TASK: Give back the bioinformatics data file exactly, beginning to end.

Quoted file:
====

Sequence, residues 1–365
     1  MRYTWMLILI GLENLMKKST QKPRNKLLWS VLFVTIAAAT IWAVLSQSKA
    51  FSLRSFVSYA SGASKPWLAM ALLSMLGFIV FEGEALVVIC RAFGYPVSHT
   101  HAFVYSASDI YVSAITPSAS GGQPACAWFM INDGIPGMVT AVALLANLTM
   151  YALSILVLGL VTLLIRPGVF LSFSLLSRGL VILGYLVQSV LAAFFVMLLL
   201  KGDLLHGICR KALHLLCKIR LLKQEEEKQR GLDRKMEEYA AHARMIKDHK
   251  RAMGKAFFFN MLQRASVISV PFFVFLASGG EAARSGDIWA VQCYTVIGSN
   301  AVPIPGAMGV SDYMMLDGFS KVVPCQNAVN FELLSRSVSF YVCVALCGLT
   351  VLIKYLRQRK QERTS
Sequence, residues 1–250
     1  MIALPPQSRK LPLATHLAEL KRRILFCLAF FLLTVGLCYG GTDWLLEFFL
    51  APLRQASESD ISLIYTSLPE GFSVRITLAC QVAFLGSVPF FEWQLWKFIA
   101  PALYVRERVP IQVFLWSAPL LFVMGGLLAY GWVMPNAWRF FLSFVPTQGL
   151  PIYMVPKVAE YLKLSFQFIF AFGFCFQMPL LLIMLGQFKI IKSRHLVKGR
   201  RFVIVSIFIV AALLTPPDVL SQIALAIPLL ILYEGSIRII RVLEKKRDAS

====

Sequence, residues 1–365
     1  MRYTWMLILI GLENLMKKST QKPRNKLLWS VLFVTIAAAT IWAVLSQSKA
    51  FSLRSFVSYA SGASKPWLAM ALLSMLGFIV FEGEALVVIC RAFGYPVSHT
   101  HAFVYSASDI YVSAITPSAS GGQPACAWFM INDGIPGMVT AVALLANLTM
   151  YALSILVLGL VTLLIRPGVF LSFSLLSRGL VILGYLVQSV LAAFFVMLLL
   201  KGDLLHGICR KALHLLCKIR LLKQEEEKQR GLDRKMEEYA AHARMIKDHK
   251  RAMGKAFFFN MLQRASVISV PFFVFLASGG EAARSGDIWA VQCYTVIGSN
   301  AVPIPGAMGV SDYMMLDGFS KVVPCQNAVN FELLSRSVSF YVCVALCGLT
   351  VLIKYLRQRK QERTS
Sequence, residues 1–250
     1  MIALPPQSRK LPLATHLAEL KRRILFCLAF FLLTVGLCYG GTDWLLEFFL
    51  APLRQASESD ISLIYTSLPE GFSVRITLAC QVAFLGSVPF FEWQLWKFIA
   101  PALYVRERVP IQVFLWSAPL LFVMGGLLAY GWVMPNAWRF FLSFVPTQGL
   151  PIYMVPKVAE YLKLSFQFIF AFGFCFQMPL LLIMLGQFKI IKSRHLVKGR
   201  RFVIVSIFIV AALLTPPDVL SQIALAIPLL ILYEGSIRII RVLEKKRDAS